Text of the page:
Food in the Bible: Exodus 12:8-11

The nine plagues in Exodus 7-10 illustrate God’s power of creation as the one who created it. The plagues affect livestock and crops, but the point is always the same, to illustrate God’s sovereignty. So, I didn’t want to spend time on every plague involving food. Instead I want to concentrate on the final plague and the first Passover. This is the central feast for the Israelites, as well as modern day Jews. The Exodus event defines the identity of these people and continues to do so today.

They shall eat the lamb that same night; they shall eat it roasted over the fire with unleavened bread and bitter herbs. Do not eat any of it raw or boiled in water, but roasted over the fire, with its head, legs and inner organs. You shall let none of it remain until the morning; anything that remains until the morning you shall burn. This is how you shall eat it; your loins girded, your sandals on your feet, and your staff in your hand; and you shall eat it hurriedly. It is the passover of the Lord.

I won’t pretend to scholarly knowledge about the Passover. There are plenty other more qualified people to go further in depth on this ancient festival. I’ll just connect the dots I see.

The lamb is supposed to be roasted, not raw or boiled. I suppose eating it raw would actually be faster, but we all know that would be against the later commandments. There would be no preparation of the lamb (I suppose it was skinned). It was roasted with inner organs and everything intact. Everything had to be eaten that night.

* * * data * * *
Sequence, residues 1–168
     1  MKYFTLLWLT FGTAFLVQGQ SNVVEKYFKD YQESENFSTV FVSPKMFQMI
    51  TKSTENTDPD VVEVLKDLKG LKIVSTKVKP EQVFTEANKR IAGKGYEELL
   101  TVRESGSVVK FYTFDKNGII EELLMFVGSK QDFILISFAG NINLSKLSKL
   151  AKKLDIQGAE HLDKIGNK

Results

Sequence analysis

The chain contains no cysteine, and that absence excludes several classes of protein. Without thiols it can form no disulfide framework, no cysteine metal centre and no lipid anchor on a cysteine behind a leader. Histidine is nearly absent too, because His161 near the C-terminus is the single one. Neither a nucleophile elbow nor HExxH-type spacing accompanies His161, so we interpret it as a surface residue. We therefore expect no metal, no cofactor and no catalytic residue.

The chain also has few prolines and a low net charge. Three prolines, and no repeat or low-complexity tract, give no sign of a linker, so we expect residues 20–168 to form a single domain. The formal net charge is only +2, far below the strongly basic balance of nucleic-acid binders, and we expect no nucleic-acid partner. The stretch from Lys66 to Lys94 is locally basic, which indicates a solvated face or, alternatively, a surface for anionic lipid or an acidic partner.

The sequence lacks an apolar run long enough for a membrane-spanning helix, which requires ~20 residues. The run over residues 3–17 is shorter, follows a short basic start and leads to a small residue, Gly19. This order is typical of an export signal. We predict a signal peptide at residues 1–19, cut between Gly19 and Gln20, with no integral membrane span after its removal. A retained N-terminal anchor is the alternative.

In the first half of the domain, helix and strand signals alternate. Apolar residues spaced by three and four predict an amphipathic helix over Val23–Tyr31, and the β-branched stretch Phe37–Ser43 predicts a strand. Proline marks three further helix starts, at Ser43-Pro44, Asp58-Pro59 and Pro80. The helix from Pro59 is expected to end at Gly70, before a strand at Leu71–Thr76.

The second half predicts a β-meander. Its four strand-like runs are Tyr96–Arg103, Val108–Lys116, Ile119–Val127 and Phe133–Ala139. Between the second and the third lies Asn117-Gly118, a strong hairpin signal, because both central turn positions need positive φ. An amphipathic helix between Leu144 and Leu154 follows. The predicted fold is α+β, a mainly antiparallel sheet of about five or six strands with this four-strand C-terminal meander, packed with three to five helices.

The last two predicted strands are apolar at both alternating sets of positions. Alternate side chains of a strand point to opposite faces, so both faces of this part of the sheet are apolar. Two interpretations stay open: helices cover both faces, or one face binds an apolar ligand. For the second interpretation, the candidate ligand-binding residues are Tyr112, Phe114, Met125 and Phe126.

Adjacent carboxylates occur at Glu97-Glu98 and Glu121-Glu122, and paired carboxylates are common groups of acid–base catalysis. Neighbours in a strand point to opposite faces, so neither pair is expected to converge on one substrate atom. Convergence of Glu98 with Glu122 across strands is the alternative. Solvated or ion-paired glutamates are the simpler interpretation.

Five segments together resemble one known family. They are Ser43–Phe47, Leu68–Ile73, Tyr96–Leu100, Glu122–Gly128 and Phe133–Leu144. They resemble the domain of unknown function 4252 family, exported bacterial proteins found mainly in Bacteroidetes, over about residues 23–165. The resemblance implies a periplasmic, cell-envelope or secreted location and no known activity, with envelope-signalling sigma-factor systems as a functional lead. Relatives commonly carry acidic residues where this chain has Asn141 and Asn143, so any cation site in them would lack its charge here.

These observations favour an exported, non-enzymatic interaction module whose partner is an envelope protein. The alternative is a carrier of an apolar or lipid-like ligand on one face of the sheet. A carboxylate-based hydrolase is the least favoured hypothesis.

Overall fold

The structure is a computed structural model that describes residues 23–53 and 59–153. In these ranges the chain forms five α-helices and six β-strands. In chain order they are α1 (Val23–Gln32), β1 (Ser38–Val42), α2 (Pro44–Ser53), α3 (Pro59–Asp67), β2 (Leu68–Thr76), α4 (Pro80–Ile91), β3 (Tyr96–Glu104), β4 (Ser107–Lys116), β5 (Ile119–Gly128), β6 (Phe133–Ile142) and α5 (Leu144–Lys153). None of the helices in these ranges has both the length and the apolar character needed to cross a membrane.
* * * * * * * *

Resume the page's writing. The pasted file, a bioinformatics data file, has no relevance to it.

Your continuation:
The bread was supposed to be unleavened and cooked in the sun as they carried it on their backs. They were to eat with their traveling clothes on, staff in hand and sandals on their feet. All of the food for Passover is eaten in a hurry. This is the original fast food. Except this fast food served a purpose, escape from oppression. Our fast food seems only to lead us into oppression.

The bitter herbs symbolized the time in slavery. The food and the feast commemorating this event would itself by a reminder of that event. The sense of smell is said to be the most powerfully connected to memory. It’s appropriate that the roasting of lamb and the taste of bitter herbs then transports later generations, including modern Jews, to that foundational event for the people of God.

The Passover celebration happened the first full week of April, which happened to coincide with Holy Week. President Obama received a lot of attention because of his celebration of Passover with a seder meal at the White House. Let’s hope that it reminded him of that central message of liberation for the oppressed. Perhaps the meal was a reminder that we should live simply as we prepare for God’s liberation to uproot us and move us into the abundance of justice and resources that characterizes that kingdom.

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